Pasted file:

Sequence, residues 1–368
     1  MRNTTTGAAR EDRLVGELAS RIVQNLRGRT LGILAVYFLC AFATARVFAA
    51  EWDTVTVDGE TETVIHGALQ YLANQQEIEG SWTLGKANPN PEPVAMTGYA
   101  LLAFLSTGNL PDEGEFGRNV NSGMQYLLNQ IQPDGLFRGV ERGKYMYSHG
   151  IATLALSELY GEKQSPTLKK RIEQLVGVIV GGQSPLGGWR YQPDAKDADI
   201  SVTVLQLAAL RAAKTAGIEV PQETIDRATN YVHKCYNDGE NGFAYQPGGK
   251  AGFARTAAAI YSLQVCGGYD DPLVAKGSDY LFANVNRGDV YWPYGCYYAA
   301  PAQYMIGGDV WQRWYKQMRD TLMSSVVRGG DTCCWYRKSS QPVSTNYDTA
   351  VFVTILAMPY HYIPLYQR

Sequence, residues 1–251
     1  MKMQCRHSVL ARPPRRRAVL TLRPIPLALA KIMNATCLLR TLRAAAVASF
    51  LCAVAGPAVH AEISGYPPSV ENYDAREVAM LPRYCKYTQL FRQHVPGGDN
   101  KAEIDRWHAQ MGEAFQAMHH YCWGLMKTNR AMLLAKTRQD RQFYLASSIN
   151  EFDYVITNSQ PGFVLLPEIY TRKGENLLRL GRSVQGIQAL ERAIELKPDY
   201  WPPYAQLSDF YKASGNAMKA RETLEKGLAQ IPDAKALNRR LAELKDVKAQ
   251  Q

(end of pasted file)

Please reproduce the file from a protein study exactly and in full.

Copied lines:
Sequence, residues 1–368
     1  MRNTTTGAAR EDRLVGELAS RIVQNLRGRT LGILAVYFLC AFATARVFAA
    51  EWDTVTVDGE TETVIHGALQ YLANQQEIEG SWTLGKANPN PEPVAMTGYA
   101  LLAFLSTGNL PDEGEFGRNV NSGMQYLLNQ IQPDGLFRGV ERGKYMYSHG
   151  IATLALSELY GEKQSPTLKK RIEQLVGVIV GGQSPLGGWR YQPDAKDADI
   201  SVTVLQLAAL RAAKTAGIEV PQETIDRATN YVHKCYNDGE NGFAYQPGGK
   251  AGFARTAAAI YSLQVCGGYD DPLVAKGSDY LFANVNRGDV YWPYGCYYAA
   301  PAQYMIGGDV WQRWYKQMRD TLMSSVVRGG DTCCWYRKSS QPVSTNYDTA
   351  VFVTILAMPY HYIPLYQR

Sequence, residues 1–251
     1  MKMQCRHSVL ARPPRRRAVL TLRPIPLALA KIMNATCLLR TLRAAAVASF
    51  LCAVAGPAVH AEISGYPPSV ENYDAREVAM LPRYCKYTQL FRQHVPGGDN
   101  KAEIDRWHAQ MGEAFQAMHH YCWGLMKTNR AMLLAKTRQD RQFYLASSIN
   151  EFDYVITNSQ PGFVLLPEIY TRKGENLLRL GRSVQGIQAL ERAIELKPDY
   201  WPPYAQLSDF YKASGNAMKA RETLEKGLAQ IPDAKALNRR LAELKDVKAQ
   251  Q